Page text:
Don’t Do LinkedIn Like This Guy…
Some people don’t know how to take “no” for an answer.
Take Brecht D. who messaged me six days after we connected on LinkedIn. He said he “collaborates” with businesses like mine to “scale to $100k+ /mo profit through our Neuro-Emotional Persuasion Scaling model.”
Brecht asked: “Are you opposed to having a brief conversation around this to see if could possibly help?”
As much as I love discussing nuero-emotional persuasion scaling models …
…I was opposed to having a brief conversation.
I didn’t respond.
Twenty-four hours later he responded with this:
I didn’t respond.
Three days later he chimed in: “Would you be open to having a quick 10m connect call to look at any possible hidden gaps in your client acquisition process that might be preventing you from scaling?”
I answered: “No thanks, Brecht.”
A week passed. No Brecht. Then another week. No Brecht. Then a third week. By then, I’d long forgotten about him (Bye-bye, Brecht).
But then, last week, four weeks after I said, “No,” Brecht resurfaced — like The Creature from the Black Lagoon.
“Oh I apologize, I didn’t mean to offend you,” he wrote.
(He hadn’t offended me. But he was annoying me.)
He continued: “And just so you’re aware, I’m not quite sure we could even help you yet, we’d have to understand more about what you’re doing now for client acquisition and scaling your business, just to see if we could even help you in the first place and if we can’t we can just end the call or if you find that we can possibly, we can continue the conversation if you’d like. You with me on that, Tom?”
For those keeping score at home, let’s recap:
Brett asks for a call. Tom says no. Brett apologizes and then asks for a call.
My reply: “No thanks.” (I’ve been accused of being “too polite.” If Brecht resurfaces again, I’ll bare my fangs.)
So it goes with
the pitch-and-pray crowd
If you’ve spent any time on LinkedIn, you’ve seen ’em…
…the pitchy pests who say, “Thanks for connecting. Let’s jump on a sales call.”
Most slither back to the lagoon if you ignore them or say, “no.” Some, like Brecht, resurface — even after you ask them to shoo.
You don’t have to be a pitchy pest to make LinkedIn work for you.
My friend Dean Isaacs and I both use LinkedIn to connect with prospective partners and clients, grow our email lists, expand our reach and authority, and generally boost our businesses — all without being pitchy pests.
Later today (Thursday, 5/25) we’re hosting a training:
5 Tips to Grow Your Business with LinkedIn
When: Thursday, May 25, 3:30. p.m. ET
Where: Live on Zoom
What: Dean and I will share 5 tips to reveal what’s working NOW on LinkedIn so you can…
✓ Stop chasing leads and start attracting real prospects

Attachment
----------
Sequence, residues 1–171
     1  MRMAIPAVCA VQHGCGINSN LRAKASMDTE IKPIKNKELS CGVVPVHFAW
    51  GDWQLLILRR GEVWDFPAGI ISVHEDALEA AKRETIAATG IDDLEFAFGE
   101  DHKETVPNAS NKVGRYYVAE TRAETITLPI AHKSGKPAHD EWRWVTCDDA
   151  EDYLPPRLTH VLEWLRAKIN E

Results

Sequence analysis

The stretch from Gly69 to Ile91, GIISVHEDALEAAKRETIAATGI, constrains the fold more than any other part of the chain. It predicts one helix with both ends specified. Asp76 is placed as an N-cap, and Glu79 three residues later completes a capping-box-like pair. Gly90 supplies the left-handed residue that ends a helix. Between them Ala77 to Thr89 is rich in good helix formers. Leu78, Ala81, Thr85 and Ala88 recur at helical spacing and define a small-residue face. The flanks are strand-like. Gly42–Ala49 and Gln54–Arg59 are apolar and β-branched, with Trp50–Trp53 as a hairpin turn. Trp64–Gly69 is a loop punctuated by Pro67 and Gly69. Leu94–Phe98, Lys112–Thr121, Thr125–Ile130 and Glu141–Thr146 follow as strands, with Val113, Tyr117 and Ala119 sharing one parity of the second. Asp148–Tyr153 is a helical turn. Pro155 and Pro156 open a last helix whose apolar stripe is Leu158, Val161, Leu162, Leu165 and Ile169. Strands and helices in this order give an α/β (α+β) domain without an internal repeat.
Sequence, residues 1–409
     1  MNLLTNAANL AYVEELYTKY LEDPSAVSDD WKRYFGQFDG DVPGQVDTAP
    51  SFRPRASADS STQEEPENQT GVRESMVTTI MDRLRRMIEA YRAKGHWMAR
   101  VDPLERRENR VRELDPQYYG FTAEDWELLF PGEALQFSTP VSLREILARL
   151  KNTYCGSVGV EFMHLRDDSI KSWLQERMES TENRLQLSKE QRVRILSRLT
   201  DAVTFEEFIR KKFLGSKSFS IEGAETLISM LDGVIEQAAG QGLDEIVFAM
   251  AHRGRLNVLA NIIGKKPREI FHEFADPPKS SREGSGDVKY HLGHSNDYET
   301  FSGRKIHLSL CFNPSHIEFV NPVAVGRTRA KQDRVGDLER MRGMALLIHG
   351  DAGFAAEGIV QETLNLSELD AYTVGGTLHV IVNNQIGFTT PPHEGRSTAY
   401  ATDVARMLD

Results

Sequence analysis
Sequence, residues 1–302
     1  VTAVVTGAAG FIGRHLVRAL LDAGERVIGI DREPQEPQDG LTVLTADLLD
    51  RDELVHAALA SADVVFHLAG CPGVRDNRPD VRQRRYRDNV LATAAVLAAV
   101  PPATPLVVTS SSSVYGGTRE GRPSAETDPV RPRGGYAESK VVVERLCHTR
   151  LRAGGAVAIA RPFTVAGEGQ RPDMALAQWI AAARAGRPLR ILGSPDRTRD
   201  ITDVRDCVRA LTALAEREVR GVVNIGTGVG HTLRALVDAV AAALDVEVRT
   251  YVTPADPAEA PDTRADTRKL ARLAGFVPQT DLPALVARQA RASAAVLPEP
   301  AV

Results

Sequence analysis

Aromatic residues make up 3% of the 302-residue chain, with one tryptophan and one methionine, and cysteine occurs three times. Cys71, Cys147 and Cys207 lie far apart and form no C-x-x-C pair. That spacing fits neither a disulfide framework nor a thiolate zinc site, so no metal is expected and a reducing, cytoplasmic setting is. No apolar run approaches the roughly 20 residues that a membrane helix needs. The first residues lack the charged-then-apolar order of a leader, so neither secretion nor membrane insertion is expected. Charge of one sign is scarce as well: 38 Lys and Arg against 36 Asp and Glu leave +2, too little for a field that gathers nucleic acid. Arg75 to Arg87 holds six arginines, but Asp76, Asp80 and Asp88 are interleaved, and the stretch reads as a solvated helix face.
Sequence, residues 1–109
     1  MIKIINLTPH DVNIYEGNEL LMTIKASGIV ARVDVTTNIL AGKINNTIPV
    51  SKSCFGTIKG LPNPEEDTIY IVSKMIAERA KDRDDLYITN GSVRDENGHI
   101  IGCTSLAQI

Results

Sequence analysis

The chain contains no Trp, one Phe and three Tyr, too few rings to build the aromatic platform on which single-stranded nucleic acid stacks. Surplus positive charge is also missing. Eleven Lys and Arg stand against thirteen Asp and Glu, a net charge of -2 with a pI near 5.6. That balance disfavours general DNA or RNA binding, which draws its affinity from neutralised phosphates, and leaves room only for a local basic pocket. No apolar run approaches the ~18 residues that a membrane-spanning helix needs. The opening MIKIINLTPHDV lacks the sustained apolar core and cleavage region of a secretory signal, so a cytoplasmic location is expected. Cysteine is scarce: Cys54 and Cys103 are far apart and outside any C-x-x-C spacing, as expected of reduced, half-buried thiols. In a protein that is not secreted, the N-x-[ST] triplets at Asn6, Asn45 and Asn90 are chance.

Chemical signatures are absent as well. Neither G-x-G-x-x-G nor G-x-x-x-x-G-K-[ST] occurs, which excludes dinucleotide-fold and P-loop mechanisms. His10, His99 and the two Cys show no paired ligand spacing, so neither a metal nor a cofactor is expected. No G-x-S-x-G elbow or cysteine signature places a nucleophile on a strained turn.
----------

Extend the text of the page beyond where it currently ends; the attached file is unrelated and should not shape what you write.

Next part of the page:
✓ Use AI to find ideal prospects who want to do business or partner with you
✓ Leverage other peoples’ followings to gain exposure and make meaningful connections
✓ Establish your authority and become a standout in your field…
This is a 5in25 training — 5 tips in 25 minutes, followed by Q&A. It’s free to attend, but you must register in advance. Click the button below to register.
Don't go away yet..
p.s. Coaches, authors, and consultants hire me to power-up their creative content and storytelling to captivate prospects, stand-out and book more business.
Whenever you're ready, here are several ways I can help you become a storytelling stand-out so you'll land more clients without pitching and prodding:
1) Get the Story Power Profit Pack -- 52 Strategies, Tips, and Tactics to Transform Your Content from Ignored to Adored.
2) Watch the free, 7-minute Micro-Training: “The 3 Most Important Storytelling Keys to Captivate Prospects and Inspire Them to Act -- Without Pitching and Prodding.”
3) Become a Story Power VIP: Master how to discover, assemble, and deliver business-building stories. Twice-monthly live masterclasses. Members-only content. One-on-one feedback and consulting sessions. And more… If you'd like to learn more about our VIP program, just reply to this email and put "Story Power VIP" in the subject line. I’ll contact you with more details.
4) Work with me one-on-one: If you’re interested in working directly with me -- to discover, assemble, and deliver powerful, business-building stories -- simply reply to this email and change the subject line to "Private Client." Tell me a little about yourself, your business, and what you'd like to accomplish, and I'll reply to discuss options.
5) Invite me to speak at an event: I can tailor a presentation that meets the specific needs of your organization. Informative. Entertaining. Virtual or live. Potential for continuing education credits when applicable for your group. If interested, reply to this email and change the subject line to “Speaking Engagement.” I’ll circle back to discuss the possibilities.
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